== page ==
That’s the thing, though. Whilst it’s seen as understandable, whilst many people still have sympathy for the poor father who doesn’t want anything to do with his kids, so therefore shouldn’t be made to contribute to keeping said kids alive (because of course, all the other responsibilities in life we only deal with if we want to!!!), these people will benefit. They benefit because people tolerate ‘I didn’t want that child/ don’t want that child, and don’t want any contact’ as an excuse for not taking responsibility for the child they fathered. Because many people get away with it.

But there’s no reason the mother should get money that should have been spent on the child, but wasn’t. Unless you’re arguing that the mother would literally spend less than the money given for child support, there’s no way this money wouldn’t be spent on the kid. Kids cost money, not a small amount of it. They need to be clothed, fed, housed, looked after, educated. Some ‘luxuries’ like toys or books wouldn’t go amiss, either.

It doesn’t matter ‘where’ the particular money the mother spent on the kid comes from in that it matters how much she spends. If, say, she got £5 for child support per month, but spent £15* that month, then she has spent the child support money and more of her own. It doesn’t matter whether she spend £5 on a top, it doesn’t mean the child support went towards that, since she’s spent much more than the child support on the kid. If she were spending £2 on the kid, there may be some kind of point, but the chances of someone raising a child on less than child support, given all that kids require is pretty slim.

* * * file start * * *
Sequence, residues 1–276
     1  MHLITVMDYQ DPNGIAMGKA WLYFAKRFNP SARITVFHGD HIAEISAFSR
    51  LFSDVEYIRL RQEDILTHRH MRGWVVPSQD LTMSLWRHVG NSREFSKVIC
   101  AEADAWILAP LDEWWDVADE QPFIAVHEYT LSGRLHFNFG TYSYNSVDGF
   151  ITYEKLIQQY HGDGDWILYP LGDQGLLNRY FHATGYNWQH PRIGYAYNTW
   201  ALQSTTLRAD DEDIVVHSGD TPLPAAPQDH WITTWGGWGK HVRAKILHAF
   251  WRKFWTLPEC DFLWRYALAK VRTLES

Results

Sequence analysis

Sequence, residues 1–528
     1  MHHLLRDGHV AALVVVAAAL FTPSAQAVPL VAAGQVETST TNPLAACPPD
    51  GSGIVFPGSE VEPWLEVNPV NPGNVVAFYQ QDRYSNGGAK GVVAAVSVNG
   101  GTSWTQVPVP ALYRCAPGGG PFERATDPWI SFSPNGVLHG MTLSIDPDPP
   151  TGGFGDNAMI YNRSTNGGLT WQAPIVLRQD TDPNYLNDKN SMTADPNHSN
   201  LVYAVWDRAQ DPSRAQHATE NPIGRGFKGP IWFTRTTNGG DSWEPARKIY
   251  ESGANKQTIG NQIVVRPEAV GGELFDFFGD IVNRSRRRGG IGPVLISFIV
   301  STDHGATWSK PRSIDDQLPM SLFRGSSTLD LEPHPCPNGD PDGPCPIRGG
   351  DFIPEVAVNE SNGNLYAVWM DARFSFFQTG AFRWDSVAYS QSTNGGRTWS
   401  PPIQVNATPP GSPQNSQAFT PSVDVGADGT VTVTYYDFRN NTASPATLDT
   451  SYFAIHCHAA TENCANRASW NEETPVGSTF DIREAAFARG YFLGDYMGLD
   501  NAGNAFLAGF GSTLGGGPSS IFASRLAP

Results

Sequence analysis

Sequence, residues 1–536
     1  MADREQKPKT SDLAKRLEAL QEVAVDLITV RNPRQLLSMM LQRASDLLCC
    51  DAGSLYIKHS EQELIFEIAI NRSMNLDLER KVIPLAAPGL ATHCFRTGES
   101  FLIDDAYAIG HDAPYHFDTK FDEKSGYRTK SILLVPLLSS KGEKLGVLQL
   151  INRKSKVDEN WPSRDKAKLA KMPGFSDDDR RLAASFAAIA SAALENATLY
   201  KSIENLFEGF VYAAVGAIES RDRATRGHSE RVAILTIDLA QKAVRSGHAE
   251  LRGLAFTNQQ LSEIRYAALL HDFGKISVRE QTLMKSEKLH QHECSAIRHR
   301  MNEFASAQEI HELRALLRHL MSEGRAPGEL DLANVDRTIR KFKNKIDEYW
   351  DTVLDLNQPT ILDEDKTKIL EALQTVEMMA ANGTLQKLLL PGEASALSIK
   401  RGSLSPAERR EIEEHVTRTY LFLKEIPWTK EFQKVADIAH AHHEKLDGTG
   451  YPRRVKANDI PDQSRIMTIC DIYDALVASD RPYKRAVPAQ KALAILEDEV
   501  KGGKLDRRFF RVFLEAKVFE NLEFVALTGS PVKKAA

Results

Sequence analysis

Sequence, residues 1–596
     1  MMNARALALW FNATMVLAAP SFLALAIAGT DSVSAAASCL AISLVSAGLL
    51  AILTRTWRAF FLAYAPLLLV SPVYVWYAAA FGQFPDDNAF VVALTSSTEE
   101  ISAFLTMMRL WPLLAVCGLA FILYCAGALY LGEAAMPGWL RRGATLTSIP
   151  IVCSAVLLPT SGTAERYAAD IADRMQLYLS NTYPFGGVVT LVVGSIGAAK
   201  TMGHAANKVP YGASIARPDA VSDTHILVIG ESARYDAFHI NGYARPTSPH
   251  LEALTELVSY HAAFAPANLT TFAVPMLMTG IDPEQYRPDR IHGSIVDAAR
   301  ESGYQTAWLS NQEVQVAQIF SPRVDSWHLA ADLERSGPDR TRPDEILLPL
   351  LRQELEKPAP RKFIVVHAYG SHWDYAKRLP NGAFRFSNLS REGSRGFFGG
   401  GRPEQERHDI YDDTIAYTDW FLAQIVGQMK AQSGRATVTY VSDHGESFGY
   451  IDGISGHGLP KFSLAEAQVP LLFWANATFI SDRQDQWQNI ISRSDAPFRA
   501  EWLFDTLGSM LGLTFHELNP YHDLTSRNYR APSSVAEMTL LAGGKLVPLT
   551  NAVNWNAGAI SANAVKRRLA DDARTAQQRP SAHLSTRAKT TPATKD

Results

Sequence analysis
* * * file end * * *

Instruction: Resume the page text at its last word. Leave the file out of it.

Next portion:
A woman receiving child support doesn’t mean she shouldn’t be allowed to buy ‘luxuries’ for herself or her child, if she can afford them. She owns the rest of her money, remember! Nobody questions the rights of a father who already pays child support to buy whatever he wants. We have to get over this idea that if we contribute financially to a woman, we own her and can tell her what to do with all her money.